But there are times you have to share, even when you don't want to. Sometimes, it's your parent making you share with your siblings. Or your teacher making you share the glitter with your art partner. Or at the playground, everyone has to take their turn down the slide.
But there are times, oh-so-special times, when you get everything to yourself. Maybe your older brother isn't home, so he doesn't get any pie. But you do. Or maybe your teacher has enough supplies that you can create the most awesome, spectacular rainbow of glitter that ever graced a refrigerator door. Or maybe no one is at the park, and you can slide down that slide time after time without interruption or waiting in line.
But what does this have to do with writing, you ask. Well, let me tell you:
Every person speaking or acting gets their own sentences and most of the time, they get their own paragraphs, too! It's how readers keep track of who's talking or who's doing something.
Let's take this example:
Wrapping his arms around her, she snuggled in closer.
Here you have 1) a guy wrapping his arms around a woman and 2) a woman snuggling in closer. These are two separate actions by two separate people.
The better sentence construction is:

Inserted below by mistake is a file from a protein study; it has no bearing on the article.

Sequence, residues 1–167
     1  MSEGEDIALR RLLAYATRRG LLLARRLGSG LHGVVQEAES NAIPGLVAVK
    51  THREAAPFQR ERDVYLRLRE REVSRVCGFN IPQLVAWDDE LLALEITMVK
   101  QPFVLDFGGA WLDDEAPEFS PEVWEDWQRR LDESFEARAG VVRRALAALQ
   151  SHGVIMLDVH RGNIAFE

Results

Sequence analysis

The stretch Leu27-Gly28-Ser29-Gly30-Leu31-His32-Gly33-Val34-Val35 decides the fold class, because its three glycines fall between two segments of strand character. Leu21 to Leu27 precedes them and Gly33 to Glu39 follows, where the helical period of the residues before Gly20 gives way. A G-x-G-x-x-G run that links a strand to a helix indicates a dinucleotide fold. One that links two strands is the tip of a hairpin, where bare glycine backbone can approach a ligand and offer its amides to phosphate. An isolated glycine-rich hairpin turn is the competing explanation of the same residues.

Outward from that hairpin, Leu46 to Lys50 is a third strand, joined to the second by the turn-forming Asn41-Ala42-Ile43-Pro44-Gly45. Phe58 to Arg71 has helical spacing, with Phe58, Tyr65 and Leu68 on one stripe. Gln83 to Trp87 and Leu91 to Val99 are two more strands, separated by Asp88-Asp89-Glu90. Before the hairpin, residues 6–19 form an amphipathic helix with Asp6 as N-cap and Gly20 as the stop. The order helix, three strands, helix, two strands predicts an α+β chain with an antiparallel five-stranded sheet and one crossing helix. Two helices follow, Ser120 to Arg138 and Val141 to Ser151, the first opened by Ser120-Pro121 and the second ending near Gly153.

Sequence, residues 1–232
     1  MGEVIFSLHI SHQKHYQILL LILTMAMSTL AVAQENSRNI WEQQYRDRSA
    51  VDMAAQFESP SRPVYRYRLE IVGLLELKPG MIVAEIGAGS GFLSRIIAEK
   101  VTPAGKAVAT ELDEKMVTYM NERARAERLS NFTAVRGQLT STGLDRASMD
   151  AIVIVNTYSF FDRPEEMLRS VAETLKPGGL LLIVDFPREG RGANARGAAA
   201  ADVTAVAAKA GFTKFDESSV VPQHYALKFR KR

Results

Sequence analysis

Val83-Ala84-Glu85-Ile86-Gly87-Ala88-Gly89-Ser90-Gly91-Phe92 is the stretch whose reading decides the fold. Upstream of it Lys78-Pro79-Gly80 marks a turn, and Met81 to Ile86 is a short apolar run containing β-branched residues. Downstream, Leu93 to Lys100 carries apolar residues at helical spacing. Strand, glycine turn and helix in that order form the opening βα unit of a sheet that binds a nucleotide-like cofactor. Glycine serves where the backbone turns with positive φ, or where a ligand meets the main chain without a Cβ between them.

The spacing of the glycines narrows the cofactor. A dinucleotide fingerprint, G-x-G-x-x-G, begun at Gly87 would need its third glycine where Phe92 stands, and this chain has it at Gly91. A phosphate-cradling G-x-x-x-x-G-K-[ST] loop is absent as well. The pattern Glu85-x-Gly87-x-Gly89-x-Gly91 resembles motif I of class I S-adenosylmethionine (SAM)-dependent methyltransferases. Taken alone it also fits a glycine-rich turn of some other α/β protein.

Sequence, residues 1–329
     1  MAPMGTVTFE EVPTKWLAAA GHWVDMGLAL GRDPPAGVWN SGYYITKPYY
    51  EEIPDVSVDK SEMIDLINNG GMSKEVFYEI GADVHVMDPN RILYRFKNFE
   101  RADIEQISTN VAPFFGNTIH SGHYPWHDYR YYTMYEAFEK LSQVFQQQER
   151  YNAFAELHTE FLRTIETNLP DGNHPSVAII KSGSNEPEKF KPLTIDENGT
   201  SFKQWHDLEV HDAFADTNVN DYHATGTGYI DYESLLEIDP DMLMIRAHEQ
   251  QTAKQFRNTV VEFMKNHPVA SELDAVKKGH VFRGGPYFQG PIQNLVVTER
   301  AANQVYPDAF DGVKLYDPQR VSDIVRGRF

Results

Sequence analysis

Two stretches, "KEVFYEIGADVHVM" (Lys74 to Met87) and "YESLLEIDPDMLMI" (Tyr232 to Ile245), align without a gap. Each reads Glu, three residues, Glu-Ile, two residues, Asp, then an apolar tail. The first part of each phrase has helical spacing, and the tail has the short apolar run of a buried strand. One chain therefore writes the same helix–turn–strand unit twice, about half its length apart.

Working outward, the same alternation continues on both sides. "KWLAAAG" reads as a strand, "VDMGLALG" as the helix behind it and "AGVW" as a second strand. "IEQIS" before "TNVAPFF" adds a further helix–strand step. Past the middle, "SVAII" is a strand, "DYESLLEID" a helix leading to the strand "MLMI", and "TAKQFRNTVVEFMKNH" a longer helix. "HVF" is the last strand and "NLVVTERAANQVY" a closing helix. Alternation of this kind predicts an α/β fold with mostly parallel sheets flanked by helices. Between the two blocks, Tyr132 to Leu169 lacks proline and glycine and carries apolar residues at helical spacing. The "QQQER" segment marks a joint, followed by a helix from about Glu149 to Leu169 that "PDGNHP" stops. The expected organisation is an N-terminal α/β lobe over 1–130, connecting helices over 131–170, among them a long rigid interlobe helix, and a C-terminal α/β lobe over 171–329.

He wrapped his arms around her; she snuggled in closer.
Using the semi-colon and adding a subject (He, in this case) gives the reader a clearer understanding of what is going on. Remember that each side of the semi-colon is a complete sentence (subject + verb).
You could separate the sentences like this:
He wrapped his arms around her. She snuggled in closer.
But because these sentences are so close in action/reaction, it's perfectly acceptable to use a semi-colon.
(Not that I'm pushing the use of semi-colons, but hey, that's what they are there for!)
Most of the time, though, you'll have a paragraph with each separate characters actions and dialogue. Let's keep using that earlier example:
He wrapped his arms around her. He thought he would never get enough of holding her like this, and kept his eyes closed, inhaling her scent. He felt her snuggle in, as if she, too, could not bear to be out of his arms.
She sighed, knowing that she shouldn't cling to him. But...he was there and she needed his strength to get through the next hour. Just a little bit longer, she told herself. Then she would let him go.
See how easy it is to know who is doing the thinking in each paragraph?
So if your characters are "sharing," be sure to make sure your reader can tell who is doing or saying it. But don't be shy about having your characters be selfish and have sentences or paragraphs of their own.